You can then delete the (by then) empty wordpress subfolder. Your /public_html/blogwp folder should look like this:

Go to your webbrowser and type

Choose your language (English (United States) is the default) and click the "Continue" button.

Click the "Let's go!" button.

You will see the above window. Remember the database name, username and username's password that you had created earlier? Now's the time to enter them into the edit boxes.

Click the Submit button. If the details were entered correctly, you will be prompted with the following screen:

Click the "Run the install" button. The "Information needed" window will appear. Type in your blog's title and the administrator user's login details. For example:

Important! Use DIFFERENT sets of admin username and password for your Moodle admin account and your Wordpress admin account. Please choose separate admin usernames and separate passwords to avoid any complications during the sign-on from Moodle to Wordpress.

Click the "Install Wordpress" button to initiate the installation of Wordpress. If successful, you should see the following window:

Click the "Login" button to test your blog site.

Enter your Username and Password. Click the "Log in" button.

If your Wordpress 4.2.2 site has been successfully setup, you should see this screen:

Congratulations! You are now ready to go to Steps 4 through to 9. Stay logged into your Wordpress site. Do not log out yet.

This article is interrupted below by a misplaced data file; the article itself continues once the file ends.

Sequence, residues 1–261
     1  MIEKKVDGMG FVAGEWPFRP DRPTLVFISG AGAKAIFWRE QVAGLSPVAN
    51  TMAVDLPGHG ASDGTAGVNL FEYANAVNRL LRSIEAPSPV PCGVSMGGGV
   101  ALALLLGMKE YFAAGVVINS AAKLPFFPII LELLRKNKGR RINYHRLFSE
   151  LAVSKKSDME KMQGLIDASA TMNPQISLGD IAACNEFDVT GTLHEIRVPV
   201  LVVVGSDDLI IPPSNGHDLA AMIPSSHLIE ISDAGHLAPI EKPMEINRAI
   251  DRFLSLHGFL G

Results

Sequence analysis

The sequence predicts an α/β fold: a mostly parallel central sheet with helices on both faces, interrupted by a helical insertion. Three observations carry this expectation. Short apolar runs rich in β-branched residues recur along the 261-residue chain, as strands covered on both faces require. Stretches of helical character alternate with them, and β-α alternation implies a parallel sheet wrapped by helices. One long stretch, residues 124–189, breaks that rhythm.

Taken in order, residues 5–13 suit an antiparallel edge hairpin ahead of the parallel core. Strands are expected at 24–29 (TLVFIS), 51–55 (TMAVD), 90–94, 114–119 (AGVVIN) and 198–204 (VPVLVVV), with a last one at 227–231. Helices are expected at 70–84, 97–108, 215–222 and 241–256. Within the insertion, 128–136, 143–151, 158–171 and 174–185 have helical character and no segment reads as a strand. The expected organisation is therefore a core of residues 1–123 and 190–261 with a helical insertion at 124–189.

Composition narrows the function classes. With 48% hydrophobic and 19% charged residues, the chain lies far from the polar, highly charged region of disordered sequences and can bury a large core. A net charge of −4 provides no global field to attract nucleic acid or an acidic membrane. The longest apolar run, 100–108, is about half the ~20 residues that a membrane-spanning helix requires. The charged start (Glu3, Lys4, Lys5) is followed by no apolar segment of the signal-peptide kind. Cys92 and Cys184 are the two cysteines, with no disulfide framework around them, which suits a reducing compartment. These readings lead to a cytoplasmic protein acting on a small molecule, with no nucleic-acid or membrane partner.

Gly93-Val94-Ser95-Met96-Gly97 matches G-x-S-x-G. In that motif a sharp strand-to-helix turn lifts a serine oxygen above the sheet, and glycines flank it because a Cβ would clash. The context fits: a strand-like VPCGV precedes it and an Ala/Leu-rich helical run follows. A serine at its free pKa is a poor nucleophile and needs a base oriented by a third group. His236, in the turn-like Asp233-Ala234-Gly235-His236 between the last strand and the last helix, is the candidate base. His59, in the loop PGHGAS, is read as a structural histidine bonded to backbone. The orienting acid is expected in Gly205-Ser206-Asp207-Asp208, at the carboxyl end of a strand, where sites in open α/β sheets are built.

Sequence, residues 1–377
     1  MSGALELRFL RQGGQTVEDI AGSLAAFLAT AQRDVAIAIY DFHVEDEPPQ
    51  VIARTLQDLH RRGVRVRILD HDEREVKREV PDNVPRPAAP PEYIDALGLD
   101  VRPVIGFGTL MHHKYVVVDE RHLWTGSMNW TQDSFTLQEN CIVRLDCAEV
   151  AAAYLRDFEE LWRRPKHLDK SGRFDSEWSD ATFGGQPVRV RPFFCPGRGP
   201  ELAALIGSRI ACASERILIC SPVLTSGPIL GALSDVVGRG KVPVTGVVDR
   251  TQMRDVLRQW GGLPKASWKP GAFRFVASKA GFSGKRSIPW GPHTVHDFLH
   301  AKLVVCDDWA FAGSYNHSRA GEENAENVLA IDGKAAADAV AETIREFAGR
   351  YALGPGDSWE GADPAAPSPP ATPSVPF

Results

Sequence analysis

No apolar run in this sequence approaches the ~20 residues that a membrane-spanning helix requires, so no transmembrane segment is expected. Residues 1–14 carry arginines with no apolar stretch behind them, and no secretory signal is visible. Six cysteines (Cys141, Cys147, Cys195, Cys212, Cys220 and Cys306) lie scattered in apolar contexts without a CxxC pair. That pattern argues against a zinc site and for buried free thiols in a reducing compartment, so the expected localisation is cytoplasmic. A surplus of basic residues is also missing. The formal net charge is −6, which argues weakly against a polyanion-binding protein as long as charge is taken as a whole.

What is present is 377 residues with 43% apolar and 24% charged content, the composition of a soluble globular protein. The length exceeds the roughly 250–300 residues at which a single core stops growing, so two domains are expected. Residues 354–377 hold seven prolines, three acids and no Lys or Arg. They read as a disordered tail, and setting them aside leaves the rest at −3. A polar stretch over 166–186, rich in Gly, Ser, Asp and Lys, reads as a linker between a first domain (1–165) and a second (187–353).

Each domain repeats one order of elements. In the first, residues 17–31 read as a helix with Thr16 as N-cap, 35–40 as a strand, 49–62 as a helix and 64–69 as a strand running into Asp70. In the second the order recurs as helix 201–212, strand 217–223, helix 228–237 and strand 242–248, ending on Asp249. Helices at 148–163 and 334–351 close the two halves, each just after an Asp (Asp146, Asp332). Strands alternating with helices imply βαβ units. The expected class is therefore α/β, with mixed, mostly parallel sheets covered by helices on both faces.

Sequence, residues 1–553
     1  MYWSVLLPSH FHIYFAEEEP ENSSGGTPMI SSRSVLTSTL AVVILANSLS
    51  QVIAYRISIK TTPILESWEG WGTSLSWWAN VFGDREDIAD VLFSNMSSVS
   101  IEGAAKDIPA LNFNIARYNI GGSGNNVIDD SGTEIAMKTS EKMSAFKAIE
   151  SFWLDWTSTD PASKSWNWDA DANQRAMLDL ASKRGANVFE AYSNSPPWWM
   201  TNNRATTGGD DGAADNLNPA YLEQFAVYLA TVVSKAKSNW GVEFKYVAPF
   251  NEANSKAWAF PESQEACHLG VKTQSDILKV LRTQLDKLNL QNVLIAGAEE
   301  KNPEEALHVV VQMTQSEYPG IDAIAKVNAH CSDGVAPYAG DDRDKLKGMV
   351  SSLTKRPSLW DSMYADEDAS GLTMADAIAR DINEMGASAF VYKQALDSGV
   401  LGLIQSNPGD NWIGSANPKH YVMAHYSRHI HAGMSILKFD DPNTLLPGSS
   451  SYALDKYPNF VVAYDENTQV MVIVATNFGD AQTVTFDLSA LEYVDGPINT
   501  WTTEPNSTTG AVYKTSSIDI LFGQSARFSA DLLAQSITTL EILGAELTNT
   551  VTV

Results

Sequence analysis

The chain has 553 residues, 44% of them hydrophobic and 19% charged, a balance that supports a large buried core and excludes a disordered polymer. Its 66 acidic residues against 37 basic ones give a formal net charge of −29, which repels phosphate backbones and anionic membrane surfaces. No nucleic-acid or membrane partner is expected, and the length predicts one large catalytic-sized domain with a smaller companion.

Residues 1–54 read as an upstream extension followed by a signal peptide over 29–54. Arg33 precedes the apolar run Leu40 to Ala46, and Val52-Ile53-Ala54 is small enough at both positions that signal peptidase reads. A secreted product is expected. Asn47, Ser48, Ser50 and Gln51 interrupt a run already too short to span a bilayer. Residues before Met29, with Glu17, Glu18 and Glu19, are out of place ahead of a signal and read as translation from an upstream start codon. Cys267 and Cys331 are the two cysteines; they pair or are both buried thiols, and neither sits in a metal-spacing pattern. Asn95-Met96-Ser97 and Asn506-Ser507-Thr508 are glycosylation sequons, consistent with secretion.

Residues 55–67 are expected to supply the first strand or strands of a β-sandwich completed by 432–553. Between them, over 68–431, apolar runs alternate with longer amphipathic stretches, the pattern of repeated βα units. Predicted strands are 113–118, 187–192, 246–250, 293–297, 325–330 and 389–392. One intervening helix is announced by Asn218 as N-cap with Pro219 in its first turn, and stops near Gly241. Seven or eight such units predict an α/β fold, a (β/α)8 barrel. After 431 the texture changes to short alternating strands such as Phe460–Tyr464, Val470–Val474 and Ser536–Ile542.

Section II: Multisite Wordpress Section

4. Setup Wordpress as a multisite

FTP into your /public_html/blogwp folder. Right-click the file named "wp-config.php" file. Choose "View/Edit" from the shortcut list. This section assumes that you have a decent text-processor to edit the php source code.

Go to line 88 of the file. You should see this code:

Add the line of code at line 86:
define('WP_ALLOW_MULTISITE', true);
so that the code now looks like this:

Save the 'wp-config.php' file.

If you check your Wordpress left menu, you should see options available under "Tools".

Refresh your web browser. If you check your Wordpress left menu, you should see an additional option named 'Network Setup' available under "Tools":

Click the Network Setup link. You should now see this screen:

Click the Install button. The following screen will appear.

In the file named /public_html/blogwp/wp-config.php, add the code:
define('MULTISITE', true);
define('SUBDOMAIN_INSTALL', false);
define('DOMAIN_CURRENT_SITE', '');   <== Careful!!
define('PATH_CURRENT_SITE', '/blogwp/');                  <== Careful!!
define('SITE_ID_CURRENT_SITE', 1);
define('BLOG_ID_CURRENT_SITE', 1);

just above the code that says /* That's all, stop editing! Happy blogging. */
so that the code now looks like this:

Be careful to replace the highlighted code with your own domain name and folder name.

Edit the file named /public_html/blogwp/.htaccess and replace the highlighted section

with this code:
RewriteEngine On
RewriteBase /blogwp/                       <== Careful!!
RewriteRule ^index\.php$ - [L]

# add a trailing slash to /wp-admin
RewriteRule ^([_0-9a-zA-Z-]+/)?wp-admin$ $1wp-admin/ [R=301,L]

RewriteCond %{REQUEST_FILENAME} -f [OR]
RewriteCond %{REQUEST_FILENAME} -d
RewriteRule ^ - [L]
RewriteRule ^([_0-9a-zA-Z-]+/)?(wp-(content|admin|includes).*) $2 [L]
RewriteRule ^([_0-9a-zA-Z-]+/)?(.*\.php)$ $2 [L]
RewriteRule . index.php [L]

Again, be careful to replace the above yellow highlighted code with your own folder name.

So your .htaccess file should now look like this:

Save both wp-config.php and .htaccess files. Log out of Wordpress. Log in again.

This time the home screen looks different:

In addition, if you hover your mouse cursor over "My Sites" you will see a new option "Network Admin" with its own set of options (Dashboard, Sites, Users,...etc.).